This story originally appeared on Spotlight PA.
The Pennsylvania House picked state Rep. Mark Rozzi to be the chamber’s new speaker Tuesday in a surprise vote.
Here are the basics about the Berks County lawmaker, how he became speaker, and more.
Who is Mark Rozzi?
Mark Rozzi is a state representative from Berks County who was first elected in 2012.
He is a prominent advocate for survivors of childhood sexual abuse, having been raped by a Catholic priest when he was 13. He supports creating a retroactive two-year window for survivors to bring civil lawsuits.
Spotlight PA will have more on Rozzi’s record in the coming days.
Rozzi is a registered Democrat, but on Tuesday he said he would be an independent speaker. More on that below.
How did Mark Rozzi become House speaker?
The simple answer: He won a majority of votes, 115 to his only competitor’s 85.
All Democrats voted for Rozzi as did 16 Republicans including those who hold leadership positions:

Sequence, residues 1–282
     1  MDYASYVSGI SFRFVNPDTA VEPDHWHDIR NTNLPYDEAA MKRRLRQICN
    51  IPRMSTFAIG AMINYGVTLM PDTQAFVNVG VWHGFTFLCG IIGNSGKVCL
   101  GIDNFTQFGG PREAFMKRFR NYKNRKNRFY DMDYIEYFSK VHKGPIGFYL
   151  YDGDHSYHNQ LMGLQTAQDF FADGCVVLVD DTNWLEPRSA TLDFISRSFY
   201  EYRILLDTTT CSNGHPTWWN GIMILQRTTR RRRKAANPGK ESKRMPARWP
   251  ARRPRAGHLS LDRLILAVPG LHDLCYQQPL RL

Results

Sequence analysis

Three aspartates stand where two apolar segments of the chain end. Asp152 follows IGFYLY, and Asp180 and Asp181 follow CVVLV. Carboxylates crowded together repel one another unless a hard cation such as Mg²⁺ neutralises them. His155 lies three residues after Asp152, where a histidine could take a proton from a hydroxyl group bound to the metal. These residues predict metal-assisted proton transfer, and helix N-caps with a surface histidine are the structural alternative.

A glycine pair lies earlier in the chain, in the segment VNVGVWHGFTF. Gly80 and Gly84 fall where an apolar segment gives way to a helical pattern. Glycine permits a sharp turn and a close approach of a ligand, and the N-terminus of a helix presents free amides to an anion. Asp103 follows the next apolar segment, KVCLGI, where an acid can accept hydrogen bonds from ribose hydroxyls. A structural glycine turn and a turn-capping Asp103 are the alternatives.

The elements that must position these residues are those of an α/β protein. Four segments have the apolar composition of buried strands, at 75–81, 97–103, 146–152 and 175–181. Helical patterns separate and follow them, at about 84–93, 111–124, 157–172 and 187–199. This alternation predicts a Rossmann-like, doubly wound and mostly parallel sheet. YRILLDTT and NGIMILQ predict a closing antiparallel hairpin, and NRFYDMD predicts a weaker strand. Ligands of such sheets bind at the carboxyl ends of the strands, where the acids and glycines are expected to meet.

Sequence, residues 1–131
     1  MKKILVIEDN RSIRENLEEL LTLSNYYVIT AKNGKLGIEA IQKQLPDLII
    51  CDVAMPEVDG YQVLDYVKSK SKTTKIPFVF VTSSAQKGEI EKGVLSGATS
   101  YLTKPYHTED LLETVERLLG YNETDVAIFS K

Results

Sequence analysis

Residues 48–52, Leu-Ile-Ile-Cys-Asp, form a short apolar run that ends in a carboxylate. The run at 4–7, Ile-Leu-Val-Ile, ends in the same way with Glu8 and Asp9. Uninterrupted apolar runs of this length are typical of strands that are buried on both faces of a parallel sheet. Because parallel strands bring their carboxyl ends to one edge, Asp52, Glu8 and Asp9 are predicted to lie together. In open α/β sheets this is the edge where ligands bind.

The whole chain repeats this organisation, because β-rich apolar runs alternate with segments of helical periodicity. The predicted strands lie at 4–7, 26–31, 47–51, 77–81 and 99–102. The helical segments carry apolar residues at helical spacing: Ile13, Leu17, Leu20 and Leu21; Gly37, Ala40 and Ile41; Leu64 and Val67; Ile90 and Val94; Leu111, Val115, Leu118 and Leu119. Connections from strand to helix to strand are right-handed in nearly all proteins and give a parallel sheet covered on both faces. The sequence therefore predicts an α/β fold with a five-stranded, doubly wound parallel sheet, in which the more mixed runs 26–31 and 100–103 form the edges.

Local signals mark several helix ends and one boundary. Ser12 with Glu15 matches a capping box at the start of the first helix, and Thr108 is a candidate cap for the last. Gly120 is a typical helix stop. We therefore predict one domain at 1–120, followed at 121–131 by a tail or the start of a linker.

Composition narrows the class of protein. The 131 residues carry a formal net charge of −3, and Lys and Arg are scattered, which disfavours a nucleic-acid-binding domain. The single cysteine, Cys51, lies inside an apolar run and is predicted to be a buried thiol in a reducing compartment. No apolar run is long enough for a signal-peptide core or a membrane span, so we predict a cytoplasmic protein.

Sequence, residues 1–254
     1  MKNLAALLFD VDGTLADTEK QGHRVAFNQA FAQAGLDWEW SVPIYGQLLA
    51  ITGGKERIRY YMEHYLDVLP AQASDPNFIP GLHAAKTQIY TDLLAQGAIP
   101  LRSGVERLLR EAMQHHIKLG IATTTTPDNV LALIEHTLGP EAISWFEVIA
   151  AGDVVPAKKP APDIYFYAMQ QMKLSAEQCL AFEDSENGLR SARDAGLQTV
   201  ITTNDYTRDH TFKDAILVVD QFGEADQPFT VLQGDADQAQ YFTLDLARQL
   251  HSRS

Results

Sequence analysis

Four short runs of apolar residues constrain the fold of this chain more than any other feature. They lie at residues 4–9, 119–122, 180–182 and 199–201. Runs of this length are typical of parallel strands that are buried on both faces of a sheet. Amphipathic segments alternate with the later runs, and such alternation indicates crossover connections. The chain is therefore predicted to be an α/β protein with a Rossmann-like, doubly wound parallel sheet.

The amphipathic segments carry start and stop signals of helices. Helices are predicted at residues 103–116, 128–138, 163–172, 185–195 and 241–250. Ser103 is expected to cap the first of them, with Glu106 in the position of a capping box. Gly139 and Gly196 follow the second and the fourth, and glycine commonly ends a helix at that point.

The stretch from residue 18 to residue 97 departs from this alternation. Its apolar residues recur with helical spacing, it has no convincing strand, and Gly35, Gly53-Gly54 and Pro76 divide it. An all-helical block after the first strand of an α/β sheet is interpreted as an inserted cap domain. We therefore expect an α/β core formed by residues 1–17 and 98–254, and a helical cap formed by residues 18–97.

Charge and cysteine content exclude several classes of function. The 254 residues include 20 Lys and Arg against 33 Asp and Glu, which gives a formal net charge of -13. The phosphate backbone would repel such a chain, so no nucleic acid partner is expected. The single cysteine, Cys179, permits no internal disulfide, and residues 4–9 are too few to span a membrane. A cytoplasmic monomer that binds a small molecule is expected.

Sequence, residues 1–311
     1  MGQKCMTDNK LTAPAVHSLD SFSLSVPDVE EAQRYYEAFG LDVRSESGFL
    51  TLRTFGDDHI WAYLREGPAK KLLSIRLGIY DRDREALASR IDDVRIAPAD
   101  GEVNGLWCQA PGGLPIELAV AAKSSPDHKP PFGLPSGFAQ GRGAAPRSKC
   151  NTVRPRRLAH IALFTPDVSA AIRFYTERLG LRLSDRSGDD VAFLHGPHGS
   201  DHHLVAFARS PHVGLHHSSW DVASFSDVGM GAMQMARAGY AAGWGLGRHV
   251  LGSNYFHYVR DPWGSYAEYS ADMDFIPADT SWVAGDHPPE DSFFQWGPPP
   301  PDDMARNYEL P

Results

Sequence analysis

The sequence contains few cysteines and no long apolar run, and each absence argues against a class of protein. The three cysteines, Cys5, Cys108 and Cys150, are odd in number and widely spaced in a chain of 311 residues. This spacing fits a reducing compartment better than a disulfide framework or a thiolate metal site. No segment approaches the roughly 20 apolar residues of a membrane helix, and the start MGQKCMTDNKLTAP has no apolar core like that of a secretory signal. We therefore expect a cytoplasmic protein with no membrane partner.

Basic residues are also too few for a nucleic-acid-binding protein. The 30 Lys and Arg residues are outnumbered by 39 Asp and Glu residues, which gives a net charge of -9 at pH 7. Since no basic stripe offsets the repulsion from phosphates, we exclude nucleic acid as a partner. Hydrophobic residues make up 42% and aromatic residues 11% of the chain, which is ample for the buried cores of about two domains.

- Bryan Cutler of Lancaster County (leader)
- Sheryl Delozier of Cumberland County (caucus administrator)
- George Dunbar of Westmoreland County (caucus chairman)
- Jim Gregory of Blair County
- Seth Grove of York County (Appropriations chair)
- Doyle Heffley of Carbon County
- Joe Hogan of Bucks County
- Josh Kail of Beaver County (policy committee chair)
- Andrew Kuzma of Allegheny County
- Kristin Marcell of Bucks County
- Tom Mehaffie of Dauphin County
- Tim O’Neal of Washington County (whip)
- Donna Oberlander of Clarion County
- Stephenie Scialabba of Butler County
- Kathleen Tomlinson of Bucks County
- Martina White of Philadelphia (caucus secretary)
The more complicated answer is still emerging.
Rozzi’s name was not floated publicly as a choice for speaker. He was nominated by state Rep. Jim Gregory (R., Blair), who is also a survivor of childhood sexual abuse and has worked closely with Rozzi on the issue.
Gregory told Spotlight PA he and Rozzi had discussed the option of Rozzi running for speaker for “months.” But he said he didn’t bring the idea to his party leaders until around 2:30 Tuesday afternoon, when the chamber appeared on the verge of recessing without choosing a speaker.
“They were not aware,” Gregory said. “I made a suggestion to them. ‘Go to Mark Rozzi, I think you might be able to do it.’ And they did.”
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